Friday, September 3, 2010

September 3: Four Woodpeckers

This morning when I got out of bed I looked out the back window to see why the blue jays were making such a ruckus. On the lawn were dispersed three robins, a squirrel, and a flicker. The flicker was almost underneath the window, and my appearance there caused him to look up. Flickers often "graze" on lawns for ants and other lawn-loving grubs, but they aren't usually right under my window. So I got a good, albeit brief, look at his smooth brown belly covered with black spots, the black band across his breast, and the little black "mustache" pattern on his face that told me he was a male. Then he flew off into the trees, flashing his characteristic white rump. The robins and squirrel hung out for a while longer, and a downy woodpecker whinnied from the trees over our shed.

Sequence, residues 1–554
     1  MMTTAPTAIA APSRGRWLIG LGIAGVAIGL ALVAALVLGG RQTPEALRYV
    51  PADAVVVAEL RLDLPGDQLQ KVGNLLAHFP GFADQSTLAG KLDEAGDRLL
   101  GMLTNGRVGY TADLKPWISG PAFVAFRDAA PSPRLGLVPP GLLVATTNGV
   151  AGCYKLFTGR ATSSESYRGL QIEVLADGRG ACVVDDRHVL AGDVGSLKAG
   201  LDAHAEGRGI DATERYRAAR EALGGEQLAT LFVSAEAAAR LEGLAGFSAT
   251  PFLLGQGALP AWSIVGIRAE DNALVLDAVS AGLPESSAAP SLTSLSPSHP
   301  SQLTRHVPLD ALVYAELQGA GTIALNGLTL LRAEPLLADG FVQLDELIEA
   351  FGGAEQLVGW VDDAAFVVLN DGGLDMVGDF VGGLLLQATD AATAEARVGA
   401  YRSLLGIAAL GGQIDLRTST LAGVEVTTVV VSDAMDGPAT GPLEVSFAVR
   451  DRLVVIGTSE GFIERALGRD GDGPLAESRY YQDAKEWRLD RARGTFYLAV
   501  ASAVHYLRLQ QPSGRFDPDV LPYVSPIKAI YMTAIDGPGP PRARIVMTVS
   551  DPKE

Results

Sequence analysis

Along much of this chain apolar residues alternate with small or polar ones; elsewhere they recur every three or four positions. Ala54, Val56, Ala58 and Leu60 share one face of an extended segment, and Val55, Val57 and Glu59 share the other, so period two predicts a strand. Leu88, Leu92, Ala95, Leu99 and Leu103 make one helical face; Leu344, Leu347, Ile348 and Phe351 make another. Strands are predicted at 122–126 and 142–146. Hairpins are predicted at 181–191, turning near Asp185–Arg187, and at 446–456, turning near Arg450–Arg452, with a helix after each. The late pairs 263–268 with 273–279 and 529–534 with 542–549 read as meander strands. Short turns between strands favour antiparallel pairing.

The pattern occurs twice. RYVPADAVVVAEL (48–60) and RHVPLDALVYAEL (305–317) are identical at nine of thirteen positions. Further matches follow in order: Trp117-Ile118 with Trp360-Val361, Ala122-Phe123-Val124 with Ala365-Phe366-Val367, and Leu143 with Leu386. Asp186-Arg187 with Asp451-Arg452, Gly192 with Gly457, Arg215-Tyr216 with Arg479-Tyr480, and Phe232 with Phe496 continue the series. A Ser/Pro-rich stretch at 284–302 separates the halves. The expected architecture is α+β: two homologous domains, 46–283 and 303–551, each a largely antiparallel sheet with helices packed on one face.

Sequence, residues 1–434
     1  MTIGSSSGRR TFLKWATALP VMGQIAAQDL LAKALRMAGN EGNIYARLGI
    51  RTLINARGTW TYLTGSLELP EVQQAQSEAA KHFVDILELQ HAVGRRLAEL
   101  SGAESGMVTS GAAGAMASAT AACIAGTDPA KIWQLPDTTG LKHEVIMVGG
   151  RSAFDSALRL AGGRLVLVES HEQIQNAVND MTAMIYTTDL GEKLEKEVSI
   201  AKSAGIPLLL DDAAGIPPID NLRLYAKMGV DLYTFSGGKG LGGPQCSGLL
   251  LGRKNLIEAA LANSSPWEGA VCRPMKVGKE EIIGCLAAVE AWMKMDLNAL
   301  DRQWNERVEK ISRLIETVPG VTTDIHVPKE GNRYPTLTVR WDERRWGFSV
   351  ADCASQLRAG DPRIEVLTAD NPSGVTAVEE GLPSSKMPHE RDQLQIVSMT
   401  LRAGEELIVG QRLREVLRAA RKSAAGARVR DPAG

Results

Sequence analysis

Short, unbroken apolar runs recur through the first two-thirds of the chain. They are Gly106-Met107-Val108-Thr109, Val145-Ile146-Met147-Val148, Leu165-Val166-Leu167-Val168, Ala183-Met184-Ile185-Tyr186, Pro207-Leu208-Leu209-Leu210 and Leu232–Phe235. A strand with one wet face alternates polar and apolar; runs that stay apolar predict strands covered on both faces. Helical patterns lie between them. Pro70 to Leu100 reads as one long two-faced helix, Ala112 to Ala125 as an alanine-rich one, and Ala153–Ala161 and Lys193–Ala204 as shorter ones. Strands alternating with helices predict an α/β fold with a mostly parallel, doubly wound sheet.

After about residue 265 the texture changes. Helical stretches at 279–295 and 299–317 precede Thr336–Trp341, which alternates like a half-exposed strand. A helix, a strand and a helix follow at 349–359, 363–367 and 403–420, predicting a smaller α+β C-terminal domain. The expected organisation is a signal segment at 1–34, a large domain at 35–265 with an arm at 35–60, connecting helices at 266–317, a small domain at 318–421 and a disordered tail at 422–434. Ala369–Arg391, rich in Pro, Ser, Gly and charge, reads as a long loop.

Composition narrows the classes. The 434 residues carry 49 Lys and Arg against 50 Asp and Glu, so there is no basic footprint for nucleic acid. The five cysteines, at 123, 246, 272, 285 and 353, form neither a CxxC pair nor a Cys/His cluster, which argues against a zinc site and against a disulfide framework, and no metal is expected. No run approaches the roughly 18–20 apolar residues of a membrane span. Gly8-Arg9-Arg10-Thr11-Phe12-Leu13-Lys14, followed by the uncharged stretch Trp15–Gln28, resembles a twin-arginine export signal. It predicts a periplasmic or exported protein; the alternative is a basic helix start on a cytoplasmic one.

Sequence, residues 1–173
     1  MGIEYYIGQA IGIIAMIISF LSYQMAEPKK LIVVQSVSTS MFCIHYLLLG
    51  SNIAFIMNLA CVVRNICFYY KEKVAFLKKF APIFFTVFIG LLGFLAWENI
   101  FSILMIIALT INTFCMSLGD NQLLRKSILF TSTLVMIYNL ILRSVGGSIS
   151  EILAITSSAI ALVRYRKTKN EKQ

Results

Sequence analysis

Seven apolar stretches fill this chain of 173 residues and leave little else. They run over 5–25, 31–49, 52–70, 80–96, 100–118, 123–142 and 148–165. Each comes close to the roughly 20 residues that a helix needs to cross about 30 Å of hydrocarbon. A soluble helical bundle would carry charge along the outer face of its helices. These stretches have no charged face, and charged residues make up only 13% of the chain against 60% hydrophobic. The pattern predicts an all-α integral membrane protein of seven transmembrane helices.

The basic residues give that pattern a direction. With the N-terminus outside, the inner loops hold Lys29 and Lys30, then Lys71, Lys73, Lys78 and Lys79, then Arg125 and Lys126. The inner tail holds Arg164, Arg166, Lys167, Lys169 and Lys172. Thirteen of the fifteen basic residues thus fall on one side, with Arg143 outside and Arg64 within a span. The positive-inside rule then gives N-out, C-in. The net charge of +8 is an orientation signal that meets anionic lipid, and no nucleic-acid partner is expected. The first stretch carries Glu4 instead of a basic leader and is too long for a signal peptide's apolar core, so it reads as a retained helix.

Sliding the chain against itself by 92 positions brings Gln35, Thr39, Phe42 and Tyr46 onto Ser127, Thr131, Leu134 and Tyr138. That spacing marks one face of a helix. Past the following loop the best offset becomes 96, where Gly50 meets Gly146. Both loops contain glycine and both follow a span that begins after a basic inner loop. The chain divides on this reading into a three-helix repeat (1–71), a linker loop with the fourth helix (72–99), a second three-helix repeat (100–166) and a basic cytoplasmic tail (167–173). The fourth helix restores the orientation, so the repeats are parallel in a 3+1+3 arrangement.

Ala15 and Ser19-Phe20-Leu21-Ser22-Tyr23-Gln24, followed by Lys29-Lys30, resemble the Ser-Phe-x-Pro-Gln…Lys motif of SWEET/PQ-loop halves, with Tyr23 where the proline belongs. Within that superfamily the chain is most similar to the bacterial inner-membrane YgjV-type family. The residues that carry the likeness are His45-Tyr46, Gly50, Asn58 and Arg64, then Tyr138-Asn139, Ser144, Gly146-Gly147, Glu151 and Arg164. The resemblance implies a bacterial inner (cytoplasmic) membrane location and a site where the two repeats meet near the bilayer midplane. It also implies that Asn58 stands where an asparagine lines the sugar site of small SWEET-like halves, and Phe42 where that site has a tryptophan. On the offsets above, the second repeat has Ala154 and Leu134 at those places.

Woodpeckers have been especially verbal today. When I got to work, a pileated woodpecker was calling loudly and repeatedly from somewhere nearby. Yesterday afternoon he made so much noise that I finally went outside and spotted him preening in a birch tree above my co-worker's truck. The National Geographic Field Guide to the Birds of Eastern North America describes the sound as "a loud wuck note or series of notes, given all year." That hardly conveys the crazy cackle that resonates throughout the neighborhood when a pileated woodpecker feels like making some noise. In addition to his wuck-ing, I also heard another flicker and a hairy woodpecker--a total of four woodpecker species in one day without even going outside. I may be a lazy birder during my work week, but I can't complain about the birds I do manage to see or hear.

Posing on my lawn,
flicker shows his true colors.
Then--white rump flashing.

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